REPOST Today’s AMI QT Devotional is a reprint of Kate Moon’s blog originally posted on December 28, 2014. Kate continues to serve the Lord in E. Asia.
Spiritual Food for Thought for the Weekend
“Two things I ask of you, O LORD; do not refuse me before I die: Keep falsehood and lies far from me; give me neither poverty nor riches, but give me only my daily bread. Otherwise I may have too much and disown you and say, ‘Who is the LORD?’ Or I may become poor and steal, and so dishonor the name of my God.”
This being one of the most famous prayers in the Bible, it has a staying power in our minds and hearts because it is so eloquently expressed. At a glance, its logic can seem acceptable and noble to even an unbeliever. It’s about being content to live in moderation, isn’t it? About not being greedy and wanting too much, but at the same time having one’s basic needs be met: a reasonable standard of living.
Yet a second look reveals that the beauty of the prayer comes mainly, not from its practical wisdom for life but from the heart of the one who is praying. For at its core, the prayer is completely God-centered. The author of this prayer is not asking God that he may not have too much or too little because, not being super ambitious yet not wanting to be uncomfortable, he believes if he just has enough, he would be satisfied with life. His motivation for not wanting riches is connected with his desire not to forget God or fall into the danger of becoming independent of him. His wanting to avoid poverty is connected to a godly fear that if he did fall into such a state, he may end up, in his weakness, doing something to dishonor God.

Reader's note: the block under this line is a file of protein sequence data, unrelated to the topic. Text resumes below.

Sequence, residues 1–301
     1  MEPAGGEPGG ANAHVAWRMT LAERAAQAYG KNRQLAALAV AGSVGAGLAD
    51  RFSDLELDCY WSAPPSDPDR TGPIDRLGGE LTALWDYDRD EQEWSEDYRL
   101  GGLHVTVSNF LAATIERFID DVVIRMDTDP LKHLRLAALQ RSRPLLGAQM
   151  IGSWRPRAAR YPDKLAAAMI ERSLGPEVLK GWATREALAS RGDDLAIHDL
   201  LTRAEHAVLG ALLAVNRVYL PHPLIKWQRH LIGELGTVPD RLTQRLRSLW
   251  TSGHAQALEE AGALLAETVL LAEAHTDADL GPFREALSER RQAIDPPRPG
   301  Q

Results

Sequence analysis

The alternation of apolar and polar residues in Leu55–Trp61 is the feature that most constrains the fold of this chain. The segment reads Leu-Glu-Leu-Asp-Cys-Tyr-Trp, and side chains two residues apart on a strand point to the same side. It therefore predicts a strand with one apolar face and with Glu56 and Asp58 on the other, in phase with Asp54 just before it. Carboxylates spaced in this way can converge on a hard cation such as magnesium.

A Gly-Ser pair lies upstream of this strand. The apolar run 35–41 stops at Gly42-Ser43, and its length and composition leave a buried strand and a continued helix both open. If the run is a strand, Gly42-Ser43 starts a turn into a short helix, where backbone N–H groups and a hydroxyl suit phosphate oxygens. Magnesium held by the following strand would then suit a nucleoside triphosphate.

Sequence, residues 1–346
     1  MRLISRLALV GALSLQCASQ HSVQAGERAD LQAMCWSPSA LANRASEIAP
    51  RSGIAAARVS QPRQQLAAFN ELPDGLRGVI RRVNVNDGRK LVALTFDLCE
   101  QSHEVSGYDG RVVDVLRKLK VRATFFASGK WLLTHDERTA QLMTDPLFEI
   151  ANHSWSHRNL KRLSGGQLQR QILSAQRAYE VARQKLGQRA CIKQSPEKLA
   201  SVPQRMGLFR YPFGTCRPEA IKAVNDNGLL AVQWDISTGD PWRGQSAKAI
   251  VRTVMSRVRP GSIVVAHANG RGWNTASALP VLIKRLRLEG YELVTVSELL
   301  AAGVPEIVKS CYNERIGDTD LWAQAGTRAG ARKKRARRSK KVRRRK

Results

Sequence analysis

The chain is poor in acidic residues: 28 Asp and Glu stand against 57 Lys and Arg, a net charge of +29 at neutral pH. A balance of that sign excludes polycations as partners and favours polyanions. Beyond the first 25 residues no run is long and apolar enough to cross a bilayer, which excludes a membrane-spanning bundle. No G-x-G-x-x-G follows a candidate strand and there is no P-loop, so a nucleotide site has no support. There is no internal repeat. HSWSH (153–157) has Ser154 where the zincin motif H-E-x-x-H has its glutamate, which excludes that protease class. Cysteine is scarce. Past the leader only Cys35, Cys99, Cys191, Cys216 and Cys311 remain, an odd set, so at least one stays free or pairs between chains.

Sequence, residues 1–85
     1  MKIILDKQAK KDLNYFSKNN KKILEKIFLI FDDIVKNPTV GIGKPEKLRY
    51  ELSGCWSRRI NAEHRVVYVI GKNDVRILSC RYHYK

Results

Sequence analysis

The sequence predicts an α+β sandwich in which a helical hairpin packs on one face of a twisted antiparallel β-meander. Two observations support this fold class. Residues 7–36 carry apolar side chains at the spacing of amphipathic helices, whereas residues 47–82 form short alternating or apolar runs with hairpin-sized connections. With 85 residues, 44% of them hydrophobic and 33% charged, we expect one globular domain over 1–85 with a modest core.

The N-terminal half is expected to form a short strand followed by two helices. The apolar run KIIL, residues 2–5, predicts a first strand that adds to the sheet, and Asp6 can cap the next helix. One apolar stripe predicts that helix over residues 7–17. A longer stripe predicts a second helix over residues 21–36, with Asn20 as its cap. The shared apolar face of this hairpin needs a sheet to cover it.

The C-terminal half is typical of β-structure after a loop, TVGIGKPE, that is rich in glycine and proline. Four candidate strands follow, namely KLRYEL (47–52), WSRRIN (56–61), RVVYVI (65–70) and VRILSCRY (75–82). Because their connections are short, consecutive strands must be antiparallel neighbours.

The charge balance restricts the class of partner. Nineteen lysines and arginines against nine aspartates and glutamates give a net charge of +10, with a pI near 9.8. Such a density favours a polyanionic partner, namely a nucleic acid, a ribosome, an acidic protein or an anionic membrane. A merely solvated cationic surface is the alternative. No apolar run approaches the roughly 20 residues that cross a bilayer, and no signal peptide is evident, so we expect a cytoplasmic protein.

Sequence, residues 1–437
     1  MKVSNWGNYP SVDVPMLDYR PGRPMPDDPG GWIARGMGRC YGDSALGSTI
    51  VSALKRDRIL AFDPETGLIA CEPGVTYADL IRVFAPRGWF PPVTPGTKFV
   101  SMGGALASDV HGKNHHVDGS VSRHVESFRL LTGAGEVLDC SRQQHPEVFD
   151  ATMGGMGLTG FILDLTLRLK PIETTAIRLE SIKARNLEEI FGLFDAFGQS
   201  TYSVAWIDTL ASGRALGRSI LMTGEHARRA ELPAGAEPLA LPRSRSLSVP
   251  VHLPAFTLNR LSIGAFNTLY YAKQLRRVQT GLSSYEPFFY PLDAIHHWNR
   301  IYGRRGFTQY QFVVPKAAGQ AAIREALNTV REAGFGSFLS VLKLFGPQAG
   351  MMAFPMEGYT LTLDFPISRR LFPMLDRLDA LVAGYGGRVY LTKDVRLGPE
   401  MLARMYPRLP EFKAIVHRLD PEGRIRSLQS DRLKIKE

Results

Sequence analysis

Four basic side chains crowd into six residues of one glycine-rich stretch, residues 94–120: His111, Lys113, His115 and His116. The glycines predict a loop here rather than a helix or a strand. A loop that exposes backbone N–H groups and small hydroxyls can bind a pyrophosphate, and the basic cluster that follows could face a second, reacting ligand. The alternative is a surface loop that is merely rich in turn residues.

The writer asks God for two things: that God keeps falsehood and lies from him; and that God gives him neither poverty nor riches. Yet why is it that we so often focus on the second without paying attention to the first? The second idea is more developed, but the first is also important. We may have often prayed the second half of the prayer, but have we as often prayed the first? How important is it to us that falsehood and lies are kept far from us? And what relation does this have to wanting neither poverty nor riches?
The key is not so much the connection to a standard of living but once again the heart. The heart of the one who loves God and longs to honor him is a heart that has a passion for truth. In the prayer of the very one who asks that falsehood be kept far from him, we can see a purity of heart. Perhaps he was someone like Nathanael of whom Jesus would later say, “Here is a true Israelite, in whom there is nothing false.”
As we meditate on this prayer today, can we think about the heart expressed through the prayer more than the actual request? Can we ask God today, not so much for a moderate standard of living, but for the heart of this man who loved the Lord honestly, with a purity, sincerity and truth?
Prayer: Father, “keep falsehood and lies far from me; give me neither poverty nor riches, but give me only my daily bread.” Amen.
Bible Reading for Today: Jeremiah 8